I love walking. I love the first breath of outside air after leaving the house. I love feeling the squishy-firm contour of my sneaker's arch where it meets my foot as I take my first steps. I love the excitement of seeing new things: a bird's nest; a new dog; a flower in bloom. I love hearing the thump, thump, thump of my feet against Summer's pavement, the swish, swish as they push through Fall's dried leaves, and the crunch of Winter's crushed snow and ice. I love the rhythmic sensation of arms swaying in alignment with legs; muscles contracting and relaxing with each stride; and thoughts meandering without cause. I love that when no other mode of transportation exists, my feet will lovingly take me where I want and need to go.
Over the past 10 months, no longer surrounded by sirens, buses, and crowded city streets, I discovered the freedom and joy of bike riding. With two wheels and some pedal power, my heart rate soared as I sped down flat, open, small-town streets. I felt as if I was flying as the wind whizzed past my ears, and I returned home with leaden legs and a feeling of freedom and triumph. I love the ability to get on my bike and go - no key to keep track of; no gas tank to fill; no parking space to fit into; just me and my bike. Free. I especially loved the quickness and ease of riding my bike when I started teaching classes across town this Fall. With the car parked 5 miles away at my husband's job, my bike became a necessary mode of transport. In a short 15 minutes I was there, warmed up, and ready to go.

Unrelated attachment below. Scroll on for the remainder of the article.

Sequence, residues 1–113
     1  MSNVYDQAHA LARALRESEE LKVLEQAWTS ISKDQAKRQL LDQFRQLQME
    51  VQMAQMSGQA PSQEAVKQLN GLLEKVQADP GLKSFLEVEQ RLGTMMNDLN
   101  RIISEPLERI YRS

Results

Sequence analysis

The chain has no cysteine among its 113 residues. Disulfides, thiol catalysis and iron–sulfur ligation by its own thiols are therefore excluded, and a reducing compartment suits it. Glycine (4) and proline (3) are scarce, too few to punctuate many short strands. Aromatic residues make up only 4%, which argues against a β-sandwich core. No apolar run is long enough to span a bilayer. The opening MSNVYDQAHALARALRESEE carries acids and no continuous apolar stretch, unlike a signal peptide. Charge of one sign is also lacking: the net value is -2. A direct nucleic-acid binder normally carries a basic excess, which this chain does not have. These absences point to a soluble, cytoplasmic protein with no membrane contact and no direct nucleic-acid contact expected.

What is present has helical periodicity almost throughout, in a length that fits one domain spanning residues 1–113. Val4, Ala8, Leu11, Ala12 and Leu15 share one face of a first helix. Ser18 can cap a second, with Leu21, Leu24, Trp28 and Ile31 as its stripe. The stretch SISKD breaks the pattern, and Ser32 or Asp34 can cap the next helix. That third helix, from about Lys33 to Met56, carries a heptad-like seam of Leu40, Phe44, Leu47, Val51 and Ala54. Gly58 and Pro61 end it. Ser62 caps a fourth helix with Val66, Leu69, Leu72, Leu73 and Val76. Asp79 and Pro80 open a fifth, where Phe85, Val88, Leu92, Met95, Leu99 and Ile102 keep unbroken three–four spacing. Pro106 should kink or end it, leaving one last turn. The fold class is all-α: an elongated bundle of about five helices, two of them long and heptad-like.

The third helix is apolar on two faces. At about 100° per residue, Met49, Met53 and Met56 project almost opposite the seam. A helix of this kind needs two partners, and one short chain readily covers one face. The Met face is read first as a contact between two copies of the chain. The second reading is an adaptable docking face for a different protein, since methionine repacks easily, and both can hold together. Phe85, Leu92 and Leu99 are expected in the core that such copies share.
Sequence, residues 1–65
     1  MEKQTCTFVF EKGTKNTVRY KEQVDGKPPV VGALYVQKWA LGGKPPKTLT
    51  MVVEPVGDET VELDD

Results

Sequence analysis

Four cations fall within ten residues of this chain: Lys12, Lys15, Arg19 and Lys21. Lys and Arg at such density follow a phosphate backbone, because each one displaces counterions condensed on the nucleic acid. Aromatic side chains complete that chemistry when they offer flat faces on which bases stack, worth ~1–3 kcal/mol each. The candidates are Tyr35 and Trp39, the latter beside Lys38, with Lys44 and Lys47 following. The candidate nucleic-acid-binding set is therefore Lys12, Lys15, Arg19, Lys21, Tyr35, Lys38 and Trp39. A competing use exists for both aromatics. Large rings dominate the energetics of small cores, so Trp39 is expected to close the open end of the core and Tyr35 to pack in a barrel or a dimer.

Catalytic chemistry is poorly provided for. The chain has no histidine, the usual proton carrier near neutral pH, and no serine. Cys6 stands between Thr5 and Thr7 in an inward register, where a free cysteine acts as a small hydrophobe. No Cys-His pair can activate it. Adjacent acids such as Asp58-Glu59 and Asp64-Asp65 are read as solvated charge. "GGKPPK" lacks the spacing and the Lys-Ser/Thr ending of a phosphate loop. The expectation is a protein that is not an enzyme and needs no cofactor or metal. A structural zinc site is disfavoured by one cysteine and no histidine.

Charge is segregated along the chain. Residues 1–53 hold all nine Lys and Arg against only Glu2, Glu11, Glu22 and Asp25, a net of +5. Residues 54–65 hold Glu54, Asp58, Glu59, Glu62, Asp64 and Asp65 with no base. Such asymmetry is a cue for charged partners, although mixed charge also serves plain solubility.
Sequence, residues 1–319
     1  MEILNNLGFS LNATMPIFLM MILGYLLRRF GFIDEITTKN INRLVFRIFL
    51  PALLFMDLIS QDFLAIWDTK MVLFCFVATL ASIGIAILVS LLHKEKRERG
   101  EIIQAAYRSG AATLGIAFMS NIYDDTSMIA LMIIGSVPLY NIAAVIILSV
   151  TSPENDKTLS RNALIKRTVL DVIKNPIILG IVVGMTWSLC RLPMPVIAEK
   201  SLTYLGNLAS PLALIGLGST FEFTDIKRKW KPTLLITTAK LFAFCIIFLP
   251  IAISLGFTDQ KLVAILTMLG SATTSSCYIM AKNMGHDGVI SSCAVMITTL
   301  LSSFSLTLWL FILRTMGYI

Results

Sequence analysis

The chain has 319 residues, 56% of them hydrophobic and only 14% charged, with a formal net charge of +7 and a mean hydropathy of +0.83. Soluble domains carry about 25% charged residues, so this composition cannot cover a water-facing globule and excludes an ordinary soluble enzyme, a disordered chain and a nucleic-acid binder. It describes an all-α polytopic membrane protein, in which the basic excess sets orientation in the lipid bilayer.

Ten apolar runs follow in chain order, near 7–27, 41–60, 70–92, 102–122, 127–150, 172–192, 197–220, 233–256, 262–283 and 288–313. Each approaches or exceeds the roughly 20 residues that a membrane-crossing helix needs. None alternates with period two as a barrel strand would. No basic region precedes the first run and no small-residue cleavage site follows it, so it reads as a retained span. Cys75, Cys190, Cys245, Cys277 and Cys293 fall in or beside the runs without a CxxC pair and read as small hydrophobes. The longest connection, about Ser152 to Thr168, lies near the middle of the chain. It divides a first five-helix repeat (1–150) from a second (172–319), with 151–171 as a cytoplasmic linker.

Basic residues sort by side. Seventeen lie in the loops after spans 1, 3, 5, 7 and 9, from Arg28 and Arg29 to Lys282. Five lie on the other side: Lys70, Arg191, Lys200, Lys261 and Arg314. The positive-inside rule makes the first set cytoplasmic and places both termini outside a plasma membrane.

Recently, after my bike lost a very small, very integral part that left it powerless to transport me anywhere I took to walking as my only form of transportation to get me to class. During the past month I have progressed through a range of emotions stemming from that small, missing part that immobilized my bike and stole its speed and convenient transportation from me. At first, "gratitude" bathed my emotional landscape: for my two good feet, warm clothes, and the exercise opportunity walking 27 minutes one way gave me. Next, "annoyed" came to play: with my bike broken, I had to leave the house 15-20 minutes earlier to arrive on time; I arrived late, more than once. Around week 3, "aggravated" appeared because walking an hour to teach a half an hour class seemed ridiculous. "Anger" quickly followed: with no replacement part in sight, my transportation hardship obviously was not important enough to my husband to warrant spending money on an entirely new bike part when only one small piece of the original was missing.
And then, as I was walking home from class one more time, it dawned on me - I was walking. Rhythmically and methodically placing one foot in front of the other I realized that my bike did not break to annoy and frustrate me or to cause marital tension and late arrivals. It broke, blessedly stopped working, exactly when I needed to rediscover the joy of walking. My bike breaking was a blessing, a beautiful blessing. With that mind altering realization I stopped cursing my bike, and my husband, and started walking again for the pure pleasure of it. Full circle, I returned to "gratitude" for the invaluable gift that missing part has given me and I look forward to the day that my bike is mobile, once more.